Sunday, October 3, 2021

Baltimore Symphony Review #2: James Conlon

 You want to love James Conlon. Here is a musician so ferociously intelligent and articulate, with an immaculate conducting technique that supports his musicians with absolute security. He programs all sorts of extraordinary rare repertoire, and clearly has deep knowledge of his chosen scores. He mentors young musicians and happily engages with audiences as his intellectual equals. For nearly fifty years, he has lead the world's top ensembles with absolute consistency.

And therein lies the problem, he is much too good at what he does to be great. It comes so easily to him. On the podium he gives all the information musicians need and consequently gets wide dynamics, clear textures, elegant proportions, and crisp attacks. But few phrases are shaped, and there's little attempt to adjust the textures once they're clarified. Everything is unflappably reliable and seems planned years in advance.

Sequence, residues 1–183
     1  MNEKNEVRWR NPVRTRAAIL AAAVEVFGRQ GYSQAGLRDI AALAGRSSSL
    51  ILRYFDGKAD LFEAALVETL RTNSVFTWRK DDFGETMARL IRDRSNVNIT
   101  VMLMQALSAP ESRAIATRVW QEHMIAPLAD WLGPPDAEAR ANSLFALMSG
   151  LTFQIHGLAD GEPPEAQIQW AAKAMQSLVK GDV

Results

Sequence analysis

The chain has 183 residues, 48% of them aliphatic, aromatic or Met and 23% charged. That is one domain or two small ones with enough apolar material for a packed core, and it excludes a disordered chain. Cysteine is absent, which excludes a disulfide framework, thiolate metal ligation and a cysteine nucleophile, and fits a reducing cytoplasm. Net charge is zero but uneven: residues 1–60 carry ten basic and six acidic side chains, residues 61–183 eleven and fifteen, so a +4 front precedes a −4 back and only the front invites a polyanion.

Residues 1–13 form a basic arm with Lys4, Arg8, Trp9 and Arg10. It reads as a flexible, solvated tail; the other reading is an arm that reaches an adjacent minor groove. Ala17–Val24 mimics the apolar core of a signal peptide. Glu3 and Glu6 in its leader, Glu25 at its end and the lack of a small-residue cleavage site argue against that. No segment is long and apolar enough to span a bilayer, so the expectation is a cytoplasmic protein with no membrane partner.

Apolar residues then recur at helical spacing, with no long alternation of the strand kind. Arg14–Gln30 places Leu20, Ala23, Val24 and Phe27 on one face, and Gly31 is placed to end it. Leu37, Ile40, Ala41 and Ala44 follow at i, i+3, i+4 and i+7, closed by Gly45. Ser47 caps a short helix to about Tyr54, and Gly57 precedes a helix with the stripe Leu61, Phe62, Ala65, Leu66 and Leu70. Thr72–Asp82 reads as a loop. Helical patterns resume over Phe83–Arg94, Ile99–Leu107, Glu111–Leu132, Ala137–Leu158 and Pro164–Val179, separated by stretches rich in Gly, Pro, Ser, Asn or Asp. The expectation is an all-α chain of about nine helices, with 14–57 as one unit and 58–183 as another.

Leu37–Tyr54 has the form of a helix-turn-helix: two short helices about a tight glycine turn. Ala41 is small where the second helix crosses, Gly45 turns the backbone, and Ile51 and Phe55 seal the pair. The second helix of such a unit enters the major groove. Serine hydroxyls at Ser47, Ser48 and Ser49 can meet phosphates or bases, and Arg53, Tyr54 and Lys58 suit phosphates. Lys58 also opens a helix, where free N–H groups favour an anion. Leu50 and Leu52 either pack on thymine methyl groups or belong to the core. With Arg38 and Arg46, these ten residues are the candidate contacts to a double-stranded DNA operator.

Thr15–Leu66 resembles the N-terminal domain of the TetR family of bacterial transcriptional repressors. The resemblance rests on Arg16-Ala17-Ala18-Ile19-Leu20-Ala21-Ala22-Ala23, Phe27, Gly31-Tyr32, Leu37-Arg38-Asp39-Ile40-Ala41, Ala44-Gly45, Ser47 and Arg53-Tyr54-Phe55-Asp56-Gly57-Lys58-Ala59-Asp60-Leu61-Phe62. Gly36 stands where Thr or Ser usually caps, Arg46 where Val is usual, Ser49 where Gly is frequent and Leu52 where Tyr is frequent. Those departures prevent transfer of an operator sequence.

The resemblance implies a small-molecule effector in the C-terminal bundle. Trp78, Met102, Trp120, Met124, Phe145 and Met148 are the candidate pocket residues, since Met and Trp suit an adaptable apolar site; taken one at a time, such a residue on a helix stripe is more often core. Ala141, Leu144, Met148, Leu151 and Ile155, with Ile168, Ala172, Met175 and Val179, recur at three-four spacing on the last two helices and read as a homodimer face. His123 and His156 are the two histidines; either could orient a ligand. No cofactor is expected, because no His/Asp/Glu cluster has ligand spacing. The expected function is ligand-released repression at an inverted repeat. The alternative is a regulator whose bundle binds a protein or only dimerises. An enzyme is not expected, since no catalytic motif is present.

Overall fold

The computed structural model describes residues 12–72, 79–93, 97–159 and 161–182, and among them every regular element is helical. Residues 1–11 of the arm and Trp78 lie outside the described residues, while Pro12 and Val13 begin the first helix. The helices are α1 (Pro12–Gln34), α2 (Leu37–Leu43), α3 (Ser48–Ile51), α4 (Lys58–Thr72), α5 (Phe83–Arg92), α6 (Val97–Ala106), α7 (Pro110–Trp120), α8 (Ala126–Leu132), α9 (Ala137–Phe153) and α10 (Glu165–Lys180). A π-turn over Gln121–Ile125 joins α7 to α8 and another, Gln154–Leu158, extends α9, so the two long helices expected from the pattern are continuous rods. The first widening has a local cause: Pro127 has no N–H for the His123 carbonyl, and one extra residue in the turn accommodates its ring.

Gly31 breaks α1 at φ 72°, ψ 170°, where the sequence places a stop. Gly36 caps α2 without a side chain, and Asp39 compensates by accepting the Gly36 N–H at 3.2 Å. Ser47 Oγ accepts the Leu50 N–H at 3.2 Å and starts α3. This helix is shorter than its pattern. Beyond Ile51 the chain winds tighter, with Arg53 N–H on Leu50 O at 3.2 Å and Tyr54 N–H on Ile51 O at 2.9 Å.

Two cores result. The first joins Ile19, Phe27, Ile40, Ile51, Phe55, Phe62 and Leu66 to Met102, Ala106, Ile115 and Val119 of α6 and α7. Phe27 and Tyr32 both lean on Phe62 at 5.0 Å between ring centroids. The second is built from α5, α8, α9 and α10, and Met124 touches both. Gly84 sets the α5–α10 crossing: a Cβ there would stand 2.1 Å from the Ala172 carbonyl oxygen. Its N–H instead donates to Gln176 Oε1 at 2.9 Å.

One regretfully comes to the conclusion that here is a musician much too interesting to be extraordinary. He seems far too aware of the perils involved to risk a great performance. The greatest conductors are creatures of instinct, not intellect. Their risks in performance often risk failure, and I'd imagine that even in the worst circumstances, Conlon is so unflappably professional that he's saved hundreds of performances from disasters. 

Such musicians are usually best in the opera house, where they can give a perfect framework for great singers to shine and risk the transcendence Conlon would generously cede to them. His movies and live broadcasts of various Italian and French operas amply demonstrate his extreme capabilities in the pit. But in the concert hall, such self-effacement has not quite the same impact.